• It might also take millions of years for the light from your ship to even reach the space police – Ummdustry Sep 5 '18 at 15:37
• @DavidZ - the problem with that approach is that detecting a ship-sized object at that kind of range that doesn't want to be found (and therefore has turned off any equipment that broadcasts at high energy levels) is essentially impossible anyway. A nebula won't make the job any harder. In order for there to be a need to hide beyond simply turning off your navigation beacons and maintaining radio silence, the pursuer must be reasonably close, say within a few million kilometres. Over that range the effects of a nebula are negligable. – Jules Sep 6 '18 at 11:56

The nebula is not the problem, the problem is inside the nebula because the nebula is actually a remnant of a supernova like the crab nebula and it is hiding an unsociable neutron star. You ship is currently there because nobody would think that anybody would park the ship there.

Please look intensely at the neutron star page to understand that even on cosmic distances the power of a neutron star is so dangerous that it will fry electronics and bombard the crew with radiation. Your ship is so dangerously close that nobody search for it there (and the power output of the star will camouflage your ship perfectly) because it is deadly. Your crew must be in utter despair to even try such a maneuver.

As HDE 226868 in the comment is suspicious of the seriousness of neutron star radiation: The crab pulsar has here on earth a flux density of $2.4 \cdot 10^{-8} \, Wm^{-2}$ in the X-ray band. To kill a human in 36 hours we need a dose of 36 gray (Cecil Kelley who was killed after 35 hours, for purists 1 Gy = 1 Sv for X-rays), let's say it's a human with 100 kg and a skin area of 2 $m^2$.

A deadly dose of 36 gray means an energy of $36 \; Gy \cdot 100 \; kg = 3600\;J$.

To reach this threshold in 36 hours, we need a power of

$\frac{3600\; J}{36 \cdot 3600 \; s} = \frac{1}{36}W \approx 0.03 \; W$

The total power output of the crab pulsar is the flux density with the area of the surface sphere. The problem with a pulsar is that it is in effect a giant lighthouse, we assume that the ship is not in the beam. In the case of the crab pulsar the background radiation is a factor of 2000 smaller than the main beam:

Total power in X-ray band: $\frac{1}{2000} \cdot 2.4 \cdot 10^{-8} \, Wm^{-2} \cdot (4 \cdot \pi \cdot (2200 \cdot 3 \cdot 10^{16} \; m)^2) = 6.5 \cdot 10^{29} \; W$

As our human has $2 \; m^2$ surface area, $0.03 \; W / 2 \; m^2 = 0.015 \; Wm^{-2}$ is sufficient.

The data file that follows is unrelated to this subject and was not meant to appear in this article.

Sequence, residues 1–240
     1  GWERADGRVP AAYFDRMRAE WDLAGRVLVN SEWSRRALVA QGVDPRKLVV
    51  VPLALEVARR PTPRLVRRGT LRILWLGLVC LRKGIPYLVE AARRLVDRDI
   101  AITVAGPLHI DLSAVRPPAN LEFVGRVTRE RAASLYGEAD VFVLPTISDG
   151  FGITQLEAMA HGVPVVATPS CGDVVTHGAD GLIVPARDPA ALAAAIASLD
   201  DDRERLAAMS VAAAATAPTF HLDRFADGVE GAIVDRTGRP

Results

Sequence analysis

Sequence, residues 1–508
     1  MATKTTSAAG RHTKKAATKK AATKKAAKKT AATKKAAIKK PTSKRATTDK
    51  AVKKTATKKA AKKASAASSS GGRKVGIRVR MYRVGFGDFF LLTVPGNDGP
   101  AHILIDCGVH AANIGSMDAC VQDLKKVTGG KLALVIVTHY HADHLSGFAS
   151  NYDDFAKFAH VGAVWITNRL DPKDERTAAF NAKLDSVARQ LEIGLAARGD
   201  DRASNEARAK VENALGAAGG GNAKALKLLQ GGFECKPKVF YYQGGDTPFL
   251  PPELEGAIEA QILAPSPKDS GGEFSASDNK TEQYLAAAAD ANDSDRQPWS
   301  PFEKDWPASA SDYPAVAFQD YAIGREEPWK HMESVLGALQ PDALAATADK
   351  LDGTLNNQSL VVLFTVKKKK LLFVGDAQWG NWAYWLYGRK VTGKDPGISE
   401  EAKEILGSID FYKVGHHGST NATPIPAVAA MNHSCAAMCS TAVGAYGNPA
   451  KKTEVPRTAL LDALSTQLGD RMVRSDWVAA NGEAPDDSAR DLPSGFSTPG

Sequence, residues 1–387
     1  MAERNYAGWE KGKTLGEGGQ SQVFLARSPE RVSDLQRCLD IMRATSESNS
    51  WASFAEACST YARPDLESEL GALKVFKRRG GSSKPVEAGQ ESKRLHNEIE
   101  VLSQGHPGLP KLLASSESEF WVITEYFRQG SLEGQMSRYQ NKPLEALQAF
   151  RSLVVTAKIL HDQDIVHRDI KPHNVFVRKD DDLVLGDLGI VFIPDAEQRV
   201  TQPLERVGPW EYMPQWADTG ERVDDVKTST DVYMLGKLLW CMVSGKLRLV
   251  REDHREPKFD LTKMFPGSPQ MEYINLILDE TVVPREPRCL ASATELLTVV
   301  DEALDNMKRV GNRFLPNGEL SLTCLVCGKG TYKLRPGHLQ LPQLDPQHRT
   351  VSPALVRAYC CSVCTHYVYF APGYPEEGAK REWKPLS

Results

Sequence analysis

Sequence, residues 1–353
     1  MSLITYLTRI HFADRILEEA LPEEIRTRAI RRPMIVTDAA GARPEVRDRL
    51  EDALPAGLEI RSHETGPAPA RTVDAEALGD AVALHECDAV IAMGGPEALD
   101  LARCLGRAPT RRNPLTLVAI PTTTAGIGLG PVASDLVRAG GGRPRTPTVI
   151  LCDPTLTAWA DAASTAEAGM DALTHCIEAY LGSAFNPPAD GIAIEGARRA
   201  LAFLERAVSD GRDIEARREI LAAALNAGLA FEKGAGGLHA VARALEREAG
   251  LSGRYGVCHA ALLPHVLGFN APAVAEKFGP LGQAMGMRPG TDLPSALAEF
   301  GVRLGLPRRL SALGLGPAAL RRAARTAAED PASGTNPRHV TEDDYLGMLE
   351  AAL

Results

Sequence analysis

So the deadly distance from the crab pulsar is:

$d = \sqrt{\frac{6.5 \cdot 10^{29} \; W}{4\pi \; 0.015 \; Wm^{-2}}} = 1.9 \cdot 10^{15} \; m \approx 0.2 \; ly \approx 12 \, 600 \; AU$

0.2 light years is far, far beyond our solar system and approximately one twelth of the distance from our sun to the next star, so I stand by "cosmic" distance. The beam is even worse, it can kill at a distance of 8 light years.

• I think you need a citation here that neutron stars are dangerous at "cosmic distances". Nebulae can easily be many light-years in diameter; neutron stars are absolutely not going to be problematic at such a distance. – HDE 226868 Sep 6 '18 at 13:25
• @HDE226868 The crab pulsar can kill unprotected people with its beam at 8 light years distance, so they are problematic at such a distance. As you are interested in x-ray spectroscopy, you may check the calculation for yourself. – Thorsten S. Sep 6 '18 at 16:56
• Ah, but you're missing something key. The beam isn't stationary; the pulsar rotates, and so the beam spends only a small amount of time aimed at the person. Therefore, you've massively overestimated the amount of exposure. Plus, 0.2 light-years is tiny on astronomical scales; nebulae can be hundreds of light-years in diameter. – HDE 226868 Sep 6 '18 at 19:06

There's nothing especially dangerous about the nebula specifically, deep space will kill your crew in time, if their ship is damaged. They need to escape this nebula to get to somewhere they can do long-term repairs on their ship.

Deep space can kill you in many ways: radiation, leaking air, freezing to death after your reactor shuts down and the list goes on.

In this scenario they simply happen to be in a nebula, while the real killer is plain old space.

If you really must have the specific area they are in be the hazard, then i'd advise saying they simply jumped too close to a star, That sort of immense heat & radiation is bound to kill them in as many hours as the plot needs.